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Cayman Islands Integrated Solid Waste Management System (ISWMS) Outline Business Case Frequently Asked Questions

screen-shot-2016-09-28-at-5-05-40-pmWhy is there an Outline Business Case (OBC)?

The OBC assesses the overall affordability, implementation and delivery options for the Integrated Solid Waste Management System (ISWMS) project. The OBC was prepared in accordance with UK Treasury Green Book standards, which set out the guidelines by which outline business cases are compiled. The OBC builds upon the now-approved National Solid Waste Management Policy and the National Solid Waste Management Strategy (NSWMS) which were published over the last two years. This is an ongoing process in which the publication of the business case is the latest part. Inevitably, it draws heavily on the two preceding documents, as the business case represents the means by which the previously developed strategy will be delivered and implemented.

What are the recommendations of the OBC?

The OBC concludes that national solid waste management in the Cayman Islands would be best dealt with through a public private partnership (PPP) and that the PPP arrangement to “design, build, finance, operate and maintain (DBFOM) contract” offers the best value for money.


What policy principles will be followed by the NSWMS and the ISWMS?

The NSWMS and ISWMS options collectively contribute to: sustainable management, waste hierarchy, polluter/waste generator pays concept, environmental considerations, climate change, generation proximity and incorporate the best practicable environmental option.


What is the purpose of the NSWMS?

It sets out key policies and objectives for the future management of solid waste and the delivery of an Integrated Solid Waste Management System (ISWMS) within the Cayman Islands. It also identifies important steps and actions that will be taken to deliver the ISWMS project. These actions will be targeted to improve the sustainability of waste management practices, make increased use of waste as a resource and ensure the protection of the environment and amenity of the islands.

What exactly is an Integrated Solid Waste Management System (ISWMS)?

According to United Nations Environmental Programme (UNEP), Integrated Solid Waste Management refers to the strategic approach to sustainable solid wastes covering all sources and aspects, covering generation, transfer, sorting, treatment, recovery and disposal in an integrated manner, with an emphasis on maximising resource use efficiency”.

What is the main objective of the ISWMS?

The main objective is to have a national system in place that will incorporate the waste hierarchy as outlined below in the attached diagram:-

The waste hierarchy is at the heart of the modern approach to managing waste. The hierarchy firstly focuses on waste reduction, and then examines each subsequent option before disposal as follows:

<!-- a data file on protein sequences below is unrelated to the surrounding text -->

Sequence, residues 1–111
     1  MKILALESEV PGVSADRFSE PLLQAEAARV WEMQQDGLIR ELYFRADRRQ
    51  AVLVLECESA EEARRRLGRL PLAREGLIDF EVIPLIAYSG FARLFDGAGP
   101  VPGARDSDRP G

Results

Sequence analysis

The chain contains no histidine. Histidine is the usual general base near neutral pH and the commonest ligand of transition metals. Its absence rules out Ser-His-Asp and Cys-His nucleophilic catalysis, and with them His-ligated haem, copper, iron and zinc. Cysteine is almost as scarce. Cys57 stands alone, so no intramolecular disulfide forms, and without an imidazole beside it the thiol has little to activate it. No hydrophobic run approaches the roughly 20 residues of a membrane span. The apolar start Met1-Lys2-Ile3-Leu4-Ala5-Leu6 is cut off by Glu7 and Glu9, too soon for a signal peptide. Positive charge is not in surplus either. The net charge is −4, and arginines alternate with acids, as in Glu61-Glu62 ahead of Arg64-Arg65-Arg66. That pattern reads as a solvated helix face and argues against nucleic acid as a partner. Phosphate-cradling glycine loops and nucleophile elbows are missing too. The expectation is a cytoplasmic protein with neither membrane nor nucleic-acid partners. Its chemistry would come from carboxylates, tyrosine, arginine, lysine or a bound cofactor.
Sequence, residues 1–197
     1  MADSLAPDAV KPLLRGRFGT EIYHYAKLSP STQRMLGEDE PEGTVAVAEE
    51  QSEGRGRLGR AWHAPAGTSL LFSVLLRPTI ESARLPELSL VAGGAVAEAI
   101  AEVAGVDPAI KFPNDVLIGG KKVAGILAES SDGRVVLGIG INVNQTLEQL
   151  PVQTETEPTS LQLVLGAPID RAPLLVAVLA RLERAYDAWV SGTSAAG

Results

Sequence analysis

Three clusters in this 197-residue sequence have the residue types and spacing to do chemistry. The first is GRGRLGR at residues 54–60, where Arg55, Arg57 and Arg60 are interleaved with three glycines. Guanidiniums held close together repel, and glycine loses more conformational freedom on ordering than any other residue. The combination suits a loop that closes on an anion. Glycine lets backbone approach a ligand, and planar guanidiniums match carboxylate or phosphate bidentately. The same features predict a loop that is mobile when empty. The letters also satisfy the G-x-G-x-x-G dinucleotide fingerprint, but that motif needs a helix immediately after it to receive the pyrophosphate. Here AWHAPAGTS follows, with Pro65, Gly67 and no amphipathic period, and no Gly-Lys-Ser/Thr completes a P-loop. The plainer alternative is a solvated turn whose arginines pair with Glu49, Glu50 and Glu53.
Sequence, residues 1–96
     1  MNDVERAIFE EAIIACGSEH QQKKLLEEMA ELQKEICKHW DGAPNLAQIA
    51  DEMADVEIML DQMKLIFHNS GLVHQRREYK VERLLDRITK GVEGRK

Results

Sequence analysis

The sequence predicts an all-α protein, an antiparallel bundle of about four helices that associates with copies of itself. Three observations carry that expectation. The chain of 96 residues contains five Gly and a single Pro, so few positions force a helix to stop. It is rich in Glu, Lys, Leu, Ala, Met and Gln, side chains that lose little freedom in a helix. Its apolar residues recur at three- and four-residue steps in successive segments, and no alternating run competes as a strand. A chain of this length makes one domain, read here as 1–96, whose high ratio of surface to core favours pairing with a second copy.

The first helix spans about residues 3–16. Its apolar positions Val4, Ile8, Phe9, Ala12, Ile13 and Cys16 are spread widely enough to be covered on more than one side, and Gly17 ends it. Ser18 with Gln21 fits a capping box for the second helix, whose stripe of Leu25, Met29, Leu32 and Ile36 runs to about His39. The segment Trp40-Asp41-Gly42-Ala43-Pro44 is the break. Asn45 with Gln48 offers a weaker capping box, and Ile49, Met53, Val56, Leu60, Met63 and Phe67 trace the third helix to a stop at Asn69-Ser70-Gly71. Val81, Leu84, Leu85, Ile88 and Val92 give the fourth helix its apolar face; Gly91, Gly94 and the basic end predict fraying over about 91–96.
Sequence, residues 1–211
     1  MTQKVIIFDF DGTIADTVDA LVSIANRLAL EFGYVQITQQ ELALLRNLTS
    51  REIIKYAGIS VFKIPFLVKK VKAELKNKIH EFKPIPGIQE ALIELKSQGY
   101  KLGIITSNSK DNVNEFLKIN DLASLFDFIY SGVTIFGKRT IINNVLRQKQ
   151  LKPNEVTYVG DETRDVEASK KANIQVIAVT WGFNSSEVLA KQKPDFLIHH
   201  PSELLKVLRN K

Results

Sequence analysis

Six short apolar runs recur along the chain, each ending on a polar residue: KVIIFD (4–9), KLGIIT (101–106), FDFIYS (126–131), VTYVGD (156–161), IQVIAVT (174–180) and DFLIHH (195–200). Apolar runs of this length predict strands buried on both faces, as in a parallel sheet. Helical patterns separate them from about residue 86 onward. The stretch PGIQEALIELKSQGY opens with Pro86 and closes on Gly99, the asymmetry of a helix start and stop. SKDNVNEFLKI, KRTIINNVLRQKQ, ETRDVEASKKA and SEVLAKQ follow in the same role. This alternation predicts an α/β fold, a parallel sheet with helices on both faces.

• Reduction: Using less material in design and manufacture, keeping products for longer; re-use, using less hazardous materials;
  • Re-use: Checking, cleaning, repairing, refurbishing, whole items or spare parts;
  • Recycling: Turning waste into a new substance or product and includes composting;
  • Recovery: Energy is recovered from waste through a variety of methods such as thermal treatment and gasification; and
  • Disposal: Landfill


What is the proposed reference project for the future ISWMS?

The reference project for the future ISWMS includes the following system components, with the ultimate aim of reducing the amount of waste going to landfill by up to 95 per cent from current landfill amounts. The ISWMS project also includes costing for the future remediation/closing of the three existing unlined landfills on the islands:

  • Waste reduction measures – including waste education and pragmatic waste minimisation initiatives (e.g. home composting/material return schemes such as bottles, plastic bag charges);
  • The reuse and refurbishment of bulky waste, waste electrical and electronic equipment (WEEE);
  • Community recycling depots and household waste recycling centre (HWRC) facilities;
  • Transfer and bulking facilities (one per island);
  • The windrow composting of yard/garden waste from landscapers and HWRCs in Grand Cayman and Cayman Brac;
  • The treatment of residual waste in a waste recovery plant (waste-to-energy facility);
  • Closure of landfills on Little Cayman and Cayman Brac, with waste sent to Grand Cayman for processing;
  • The potential introduction of kerbside yard and garden waste collection (post 2020);
  • The potential introduction of kerbside dry recyclable collections with a materials recovery facility (post 2020); and
  • Remediation of the George Town landfill and construction of an adjacent engineered landfill to handle residuals from the waste-to-energy plant.


What international framework was used in the development of the ISWMS?

As an overseas territory of the United Kingdom, the development of the Cayman Islands’ policy and strategy was guided by the Waste Framework Directive of the European Commission (directive 2008/98/ED) which sets out the basic concepts, definitions and principles related to waste management. Waste legislation and policy of the EU Member states, such as the United Kingdom, shall apply as a priority order the waste management hierarchy outlined in the directive of: prevention, reuse, recycling, recovery and disposal.